What is a dormant company?
A company is considered 'dormant' if it has ceased trading and does not receive any form of income. It will still be registered at Companies House (or Companies House in Edinburgh for companies registered in Scotland) and you will be required to file annual accounts and a confirmation statement. Reasons why a company may be dormant include:
reservation of company name prior to launching a business
restructuring of a formerly active business
if the owner needs to take an extended period of leave
it is acting as a holding company for intellectual property or other assets
How to make a company dormant
Setting up a dormant company from scratch is relatively straightforward. Register your company with Companies House in the usual way - for more information, read How to register a company in 5 steps.
Following company formation, HMRC needs to be informed of the dormant status. You can do this by phone or post.
Previously active companies
In order to make an existing active company dormant, all bills must be paid and contracts cancelled. Any agreements with customers should be terminated and amounts due or owing reconciled. Outstanding taxes and VAT must be paid, along with any final wages due, and the correct procedures need to be implemented regarding dismissal or redundancy of employees (including the closure of PAYE schemes). Business bank accounts should also be closed.
HMRC can then be informed that the company is dormant for corporation tax. If your company has never received notice to deliver a Company Tax Return, you can do this by phone or post. If you’ve filed a Company Tax Return or received a ‘notice to deliver a Company Tax Return’, you will need to file a Company Tax Return online. This will show HMRC that your company is dormant for this period. For more information on the process, see the government’s guidance.
Companies that are registered for VAT must de-register within 30 days of becoming dormant. If you plan to restart trading, you must send ‘nil’ (or empty) VAT returns while your company is dormant.
What are the filing and tax requirements for dormant companies?
Once you’ve told HMRC that your company is dormant, you don’t need to pay corporation tax or file another Company Tax Return unless you receive further notice to deliver a Company Tax Return.
While your company is dormant, annual accounts and confirmation statements must still be filed with Companies House every year. Companies that are dormant and considered as 'small' can submit 'dormant accounts' instead. They are not required to include an auditor's report with their accounts. For further information, read Annual accounts and tax returns and Prepare annual accounts for a private limited company.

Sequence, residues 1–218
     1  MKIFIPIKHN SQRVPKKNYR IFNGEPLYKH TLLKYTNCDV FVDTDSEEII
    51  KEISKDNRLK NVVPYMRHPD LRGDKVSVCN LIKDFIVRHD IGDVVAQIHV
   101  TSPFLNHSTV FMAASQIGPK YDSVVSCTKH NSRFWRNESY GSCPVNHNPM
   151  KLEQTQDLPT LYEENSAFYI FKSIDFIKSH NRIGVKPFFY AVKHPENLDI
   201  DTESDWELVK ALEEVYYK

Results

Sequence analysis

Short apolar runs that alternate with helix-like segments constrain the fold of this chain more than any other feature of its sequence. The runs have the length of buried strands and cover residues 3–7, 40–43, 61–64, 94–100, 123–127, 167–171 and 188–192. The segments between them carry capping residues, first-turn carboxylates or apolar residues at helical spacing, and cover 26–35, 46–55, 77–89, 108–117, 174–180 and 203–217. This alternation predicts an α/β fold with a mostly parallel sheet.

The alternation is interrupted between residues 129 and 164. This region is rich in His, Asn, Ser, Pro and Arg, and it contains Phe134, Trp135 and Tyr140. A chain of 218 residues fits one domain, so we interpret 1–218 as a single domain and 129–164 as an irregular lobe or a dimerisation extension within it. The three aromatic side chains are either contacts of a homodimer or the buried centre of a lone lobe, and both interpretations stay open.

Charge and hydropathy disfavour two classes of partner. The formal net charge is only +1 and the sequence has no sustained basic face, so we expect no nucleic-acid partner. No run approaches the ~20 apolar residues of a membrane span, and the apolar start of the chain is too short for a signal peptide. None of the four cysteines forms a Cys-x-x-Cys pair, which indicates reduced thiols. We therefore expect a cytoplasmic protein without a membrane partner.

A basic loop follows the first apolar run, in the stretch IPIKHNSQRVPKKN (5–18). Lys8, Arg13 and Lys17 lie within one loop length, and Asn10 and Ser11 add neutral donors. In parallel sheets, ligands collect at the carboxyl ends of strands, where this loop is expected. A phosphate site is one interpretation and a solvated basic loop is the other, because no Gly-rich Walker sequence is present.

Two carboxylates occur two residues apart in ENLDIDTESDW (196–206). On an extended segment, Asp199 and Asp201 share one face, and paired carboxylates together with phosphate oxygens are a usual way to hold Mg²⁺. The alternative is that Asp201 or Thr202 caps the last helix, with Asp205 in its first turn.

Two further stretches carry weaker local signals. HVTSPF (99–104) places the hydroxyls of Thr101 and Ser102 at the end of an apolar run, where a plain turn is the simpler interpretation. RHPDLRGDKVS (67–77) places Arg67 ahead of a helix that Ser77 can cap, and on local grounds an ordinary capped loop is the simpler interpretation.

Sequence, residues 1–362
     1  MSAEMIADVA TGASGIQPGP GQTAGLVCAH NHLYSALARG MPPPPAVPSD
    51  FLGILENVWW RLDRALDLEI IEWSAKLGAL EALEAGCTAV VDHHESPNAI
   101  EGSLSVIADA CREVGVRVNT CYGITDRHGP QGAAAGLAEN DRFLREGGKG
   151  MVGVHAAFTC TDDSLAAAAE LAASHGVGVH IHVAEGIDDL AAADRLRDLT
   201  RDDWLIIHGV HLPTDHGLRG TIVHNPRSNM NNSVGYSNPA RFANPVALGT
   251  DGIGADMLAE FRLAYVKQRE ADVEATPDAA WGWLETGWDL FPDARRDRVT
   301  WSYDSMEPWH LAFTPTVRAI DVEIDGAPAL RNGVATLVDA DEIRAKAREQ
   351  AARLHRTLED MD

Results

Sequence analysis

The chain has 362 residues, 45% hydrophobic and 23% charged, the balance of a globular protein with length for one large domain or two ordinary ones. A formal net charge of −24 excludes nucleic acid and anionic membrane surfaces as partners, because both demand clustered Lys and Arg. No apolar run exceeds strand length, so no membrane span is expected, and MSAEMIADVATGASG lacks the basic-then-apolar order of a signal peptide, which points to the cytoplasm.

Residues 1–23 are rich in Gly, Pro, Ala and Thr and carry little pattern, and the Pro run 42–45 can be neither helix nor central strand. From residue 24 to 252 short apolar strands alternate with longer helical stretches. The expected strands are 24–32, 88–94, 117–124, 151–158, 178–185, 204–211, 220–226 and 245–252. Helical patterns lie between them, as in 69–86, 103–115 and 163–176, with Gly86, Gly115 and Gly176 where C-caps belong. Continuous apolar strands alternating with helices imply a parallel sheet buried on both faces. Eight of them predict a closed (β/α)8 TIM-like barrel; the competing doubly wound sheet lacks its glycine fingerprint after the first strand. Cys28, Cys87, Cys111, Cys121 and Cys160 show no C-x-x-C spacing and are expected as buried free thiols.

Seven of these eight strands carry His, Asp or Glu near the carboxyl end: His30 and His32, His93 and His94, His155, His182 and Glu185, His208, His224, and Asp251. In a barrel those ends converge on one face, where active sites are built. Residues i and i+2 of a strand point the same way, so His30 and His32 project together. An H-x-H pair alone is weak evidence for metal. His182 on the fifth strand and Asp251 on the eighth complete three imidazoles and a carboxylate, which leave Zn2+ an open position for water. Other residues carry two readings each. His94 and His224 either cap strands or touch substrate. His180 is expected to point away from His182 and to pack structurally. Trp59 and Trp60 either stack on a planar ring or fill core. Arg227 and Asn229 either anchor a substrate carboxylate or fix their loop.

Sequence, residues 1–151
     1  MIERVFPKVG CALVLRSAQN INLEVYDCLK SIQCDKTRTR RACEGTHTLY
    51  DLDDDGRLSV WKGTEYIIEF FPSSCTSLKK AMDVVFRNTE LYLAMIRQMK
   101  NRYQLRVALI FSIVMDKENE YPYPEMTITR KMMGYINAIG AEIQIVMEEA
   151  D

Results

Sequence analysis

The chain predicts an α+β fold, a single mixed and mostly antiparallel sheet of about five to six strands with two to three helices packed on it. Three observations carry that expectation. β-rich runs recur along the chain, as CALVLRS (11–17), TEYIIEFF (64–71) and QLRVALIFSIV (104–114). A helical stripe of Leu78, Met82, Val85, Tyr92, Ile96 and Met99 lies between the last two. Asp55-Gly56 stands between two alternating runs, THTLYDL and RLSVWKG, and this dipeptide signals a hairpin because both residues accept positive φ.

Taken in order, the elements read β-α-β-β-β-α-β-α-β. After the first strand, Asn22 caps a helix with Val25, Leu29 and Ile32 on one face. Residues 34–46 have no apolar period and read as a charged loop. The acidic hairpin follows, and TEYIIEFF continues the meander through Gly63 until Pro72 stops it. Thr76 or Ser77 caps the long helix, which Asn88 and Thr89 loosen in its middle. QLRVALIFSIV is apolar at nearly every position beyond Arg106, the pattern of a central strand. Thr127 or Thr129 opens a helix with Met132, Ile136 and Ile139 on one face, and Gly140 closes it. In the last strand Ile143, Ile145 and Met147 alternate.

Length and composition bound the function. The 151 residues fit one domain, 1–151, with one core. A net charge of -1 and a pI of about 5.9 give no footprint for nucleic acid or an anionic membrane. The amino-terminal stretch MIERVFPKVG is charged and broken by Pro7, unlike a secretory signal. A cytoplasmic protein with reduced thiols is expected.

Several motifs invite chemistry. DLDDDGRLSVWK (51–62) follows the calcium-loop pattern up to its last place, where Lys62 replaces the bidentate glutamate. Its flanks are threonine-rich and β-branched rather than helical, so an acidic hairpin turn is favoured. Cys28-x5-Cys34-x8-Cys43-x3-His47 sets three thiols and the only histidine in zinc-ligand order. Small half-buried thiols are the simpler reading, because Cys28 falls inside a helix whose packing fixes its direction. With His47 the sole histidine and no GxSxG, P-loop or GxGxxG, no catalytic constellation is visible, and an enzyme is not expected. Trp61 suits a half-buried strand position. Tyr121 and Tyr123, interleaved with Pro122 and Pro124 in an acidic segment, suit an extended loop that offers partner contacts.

According to Companies House, in order to remain dormant, no 'significant' transactions should have been made by the company in the previous financial year. These exclude:
filing fees paid to Companies House
any penalties in respect of late filing of accounts
payment for shares when the company was incorporated
How can a dormant company be made active?
You must tell HMRC when your dormant company starts trading again, as it will immediately lose its dormant status and be considered active for purposes of corporation tax.
To start this process you will need to:
enter your company’s Government Gateway User ID and password on the government website. If you do not have a user ID, you can create one when you log in
collect your statutory accounts and Company Tax Returns after your company's year end
inform HMRC that your company has restarted trading by registering for corporation tax again
send accounts to Companies House within 9 months of your company's year end
pay any corporation tax due within 9 months and 1 day of your company's year end
send a Company Tax Return, this includes full statutory accounts, to HMRC within 12 months of your company's year end
As you should have been sending accounts to Companies House each year while your company was dormant, your reporting dates stay the same for annual returns and accounts. However, your corporation tax accounting period is different as it begins when your company restarts business activities.
If you want to have the same date for your Companies House accounting reference date and the end of your Corporation Tax accounting period, you can:
keep your company’s accounting reference date the same with Companies House
prepare your statutory accounts as usual for the 12 months up until your accounting reference date
send your accounts to Companies House and use them to complete your Company Tax Return
What is the difference between dormant and non-trading companies?
Dormant companies, by their very definition, are also non-trading. However, non-trading companies are not always dormant.
Companies that do not carry out business may still be involved in significant transactions (eg pre-trading expenditure). If so, even if they are not trading at all, they will not be classed as dormant.